These recent lessons caused me to reflect on how life has changed for me over the last year or so and how I’ve been adapting along the way (sometimes kicking and screaming).I’ve gone from a nomad traveling the world to settling down in a city I’d said I’d never live in due to the wind and the earthquakes. I’ve experienced some of the worst winds and biggest earthquakes of my life since being here and learned to love it all the same.

I’ve recognized the positives and come to love the bits that make this city (Wellington, NZ) great: the small town feel, the laid back lifestyle, the friendly residents, the ocean, the beach suburbs and beautiful scenery, the wonderful array of cafes and restaurants, not to mention the abundance of yoga, meditation, and wellness related activities.

I’ve gone from being single and happy to living with someone else and having to think about someone else, taking into account more needs than just my own.

I’ve had to learn to love again, take risks, and face fears while navigating a long-term relationship and our different wants and needs. I’ve had to learn to share a home and build a nest, and think about the future in ways I’d never have thought I could, feeling very blessed if also a little apprehensive and scared at the same time.read the rest of the blog and the full article here on Tiny Buddha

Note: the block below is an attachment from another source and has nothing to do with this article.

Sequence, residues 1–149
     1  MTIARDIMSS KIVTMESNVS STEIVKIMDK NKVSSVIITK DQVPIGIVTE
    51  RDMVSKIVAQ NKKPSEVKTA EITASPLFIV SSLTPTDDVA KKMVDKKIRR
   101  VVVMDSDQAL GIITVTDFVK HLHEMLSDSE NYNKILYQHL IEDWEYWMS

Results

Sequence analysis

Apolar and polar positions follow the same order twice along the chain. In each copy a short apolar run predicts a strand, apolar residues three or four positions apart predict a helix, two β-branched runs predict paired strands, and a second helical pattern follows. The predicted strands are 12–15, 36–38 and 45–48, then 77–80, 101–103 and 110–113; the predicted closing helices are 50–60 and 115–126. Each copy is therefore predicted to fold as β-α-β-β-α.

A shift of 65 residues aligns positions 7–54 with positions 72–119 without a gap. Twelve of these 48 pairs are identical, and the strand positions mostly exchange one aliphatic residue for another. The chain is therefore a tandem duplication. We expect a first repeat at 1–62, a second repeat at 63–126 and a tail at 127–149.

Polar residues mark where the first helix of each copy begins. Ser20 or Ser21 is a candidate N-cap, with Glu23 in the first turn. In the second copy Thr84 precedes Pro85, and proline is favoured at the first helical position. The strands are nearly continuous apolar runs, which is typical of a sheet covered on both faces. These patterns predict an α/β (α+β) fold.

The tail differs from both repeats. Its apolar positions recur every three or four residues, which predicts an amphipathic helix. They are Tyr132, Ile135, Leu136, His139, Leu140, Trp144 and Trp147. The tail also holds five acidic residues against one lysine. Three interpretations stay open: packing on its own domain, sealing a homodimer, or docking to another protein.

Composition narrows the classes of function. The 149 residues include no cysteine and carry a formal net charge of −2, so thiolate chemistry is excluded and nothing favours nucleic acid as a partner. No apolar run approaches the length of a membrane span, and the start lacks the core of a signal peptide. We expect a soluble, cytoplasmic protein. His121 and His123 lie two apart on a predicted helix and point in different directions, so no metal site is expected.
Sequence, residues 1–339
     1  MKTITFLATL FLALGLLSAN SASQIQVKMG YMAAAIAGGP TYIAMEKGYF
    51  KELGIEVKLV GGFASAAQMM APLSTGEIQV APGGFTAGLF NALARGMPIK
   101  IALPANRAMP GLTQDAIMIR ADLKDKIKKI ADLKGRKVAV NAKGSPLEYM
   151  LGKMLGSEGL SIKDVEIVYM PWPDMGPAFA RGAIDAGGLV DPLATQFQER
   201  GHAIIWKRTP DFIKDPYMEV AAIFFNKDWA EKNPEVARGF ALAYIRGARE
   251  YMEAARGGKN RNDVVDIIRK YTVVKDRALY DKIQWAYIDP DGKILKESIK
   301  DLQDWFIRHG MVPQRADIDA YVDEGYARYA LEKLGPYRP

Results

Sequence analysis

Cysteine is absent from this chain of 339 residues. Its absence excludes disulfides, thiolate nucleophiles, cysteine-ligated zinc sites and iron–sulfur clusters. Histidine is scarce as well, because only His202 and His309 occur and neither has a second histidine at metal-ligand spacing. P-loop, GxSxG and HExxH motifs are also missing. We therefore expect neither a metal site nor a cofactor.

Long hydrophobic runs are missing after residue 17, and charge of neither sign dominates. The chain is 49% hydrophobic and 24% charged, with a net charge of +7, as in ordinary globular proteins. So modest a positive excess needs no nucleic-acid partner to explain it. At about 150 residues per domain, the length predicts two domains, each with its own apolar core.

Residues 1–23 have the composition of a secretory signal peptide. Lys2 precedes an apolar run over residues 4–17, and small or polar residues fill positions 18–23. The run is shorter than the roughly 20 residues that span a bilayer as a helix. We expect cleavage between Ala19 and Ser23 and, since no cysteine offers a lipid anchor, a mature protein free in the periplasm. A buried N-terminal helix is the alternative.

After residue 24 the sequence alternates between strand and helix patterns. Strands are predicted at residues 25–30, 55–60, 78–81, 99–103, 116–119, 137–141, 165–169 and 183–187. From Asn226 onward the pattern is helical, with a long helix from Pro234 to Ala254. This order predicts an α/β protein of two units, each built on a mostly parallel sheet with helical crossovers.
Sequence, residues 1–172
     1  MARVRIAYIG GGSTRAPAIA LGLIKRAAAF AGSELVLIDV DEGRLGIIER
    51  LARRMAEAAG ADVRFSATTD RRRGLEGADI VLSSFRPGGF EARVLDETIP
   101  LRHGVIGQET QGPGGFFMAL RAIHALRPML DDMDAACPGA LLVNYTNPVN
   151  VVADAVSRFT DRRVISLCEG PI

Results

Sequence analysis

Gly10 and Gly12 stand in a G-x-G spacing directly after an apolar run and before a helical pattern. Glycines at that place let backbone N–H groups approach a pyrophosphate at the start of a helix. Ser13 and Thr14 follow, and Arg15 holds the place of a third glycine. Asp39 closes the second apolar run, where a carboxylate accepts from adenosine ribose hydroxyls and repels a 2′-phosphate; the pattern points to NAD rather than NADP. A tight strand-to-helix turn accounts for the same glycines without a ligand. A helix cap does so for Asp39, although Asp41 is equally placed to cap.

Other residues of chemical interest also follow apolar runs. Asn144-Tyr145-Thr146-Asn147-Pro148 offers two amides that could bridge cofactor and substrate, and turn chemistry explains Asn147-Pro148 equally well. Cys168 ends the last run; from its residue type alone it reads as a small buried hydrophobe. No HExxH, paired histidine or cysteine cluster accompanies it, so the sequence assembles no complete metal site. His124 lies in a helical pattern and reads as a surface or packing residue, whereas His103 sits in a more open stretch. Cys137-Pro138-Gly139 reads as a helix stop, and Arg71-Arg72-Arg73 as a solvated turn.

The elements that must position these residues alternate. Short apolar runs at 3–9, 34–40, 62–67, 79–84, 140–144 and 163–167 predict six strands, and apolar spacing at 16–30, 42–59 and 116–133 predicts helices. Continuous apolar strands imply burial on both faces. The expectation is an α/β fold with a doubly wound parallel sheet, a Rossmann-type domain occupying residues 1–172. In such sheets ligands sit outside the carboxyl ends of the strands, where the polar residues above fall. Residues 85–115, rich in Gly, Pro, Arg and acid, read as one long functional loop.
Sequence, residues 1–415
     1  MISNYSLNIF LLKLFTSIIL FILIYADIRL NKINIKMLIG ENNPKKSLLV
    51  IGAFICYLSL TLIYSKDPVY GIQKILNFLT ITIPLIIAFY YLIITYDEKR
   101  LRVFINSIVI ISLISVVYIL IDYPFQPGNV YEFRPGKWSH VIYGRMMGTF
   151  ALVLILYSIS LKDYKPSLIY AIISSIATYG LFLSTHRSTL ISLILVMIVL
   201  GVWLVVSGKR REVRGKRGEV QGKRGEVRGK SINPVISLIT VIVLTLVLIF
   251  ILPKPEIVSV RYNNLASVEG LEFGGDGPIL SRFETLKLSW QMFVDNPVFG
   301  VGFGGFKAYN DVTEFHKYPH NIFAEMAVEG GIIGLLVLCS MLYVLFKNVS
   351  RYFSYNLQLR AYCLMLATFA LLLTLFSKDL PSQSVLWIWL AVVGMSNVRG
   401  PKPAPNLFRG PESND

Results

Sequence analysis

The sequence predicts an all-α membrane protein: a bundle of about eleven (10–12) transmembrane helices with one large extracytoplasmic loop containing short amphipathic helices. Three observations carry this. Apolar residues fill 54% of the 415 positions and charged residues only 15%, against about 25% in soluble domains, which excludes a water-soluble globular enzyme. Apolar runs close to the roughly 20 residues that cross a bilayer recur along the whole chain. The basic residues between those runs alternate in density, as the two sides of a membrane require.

10 things you need to know about happiness

Last week was international happiness day and I’ve been celebrating all week by reminding myself of what makes me happy and sharing my advice on happiness with others.  It’s something we’re all in pursuit of yet so often missing the mark.  It’s the question we’re all trying to find the answer to.  What is happiness and how do we get it?  Happiness is not the mere absence of suffering or temporary cessation of unhappiness.  It’s less about elation and perfection more about how we react to challenges, about purpose and fulfilment, being connected to who you are.  To mark the close of my week long celebration of happiness here are 10 things we need to know about happiness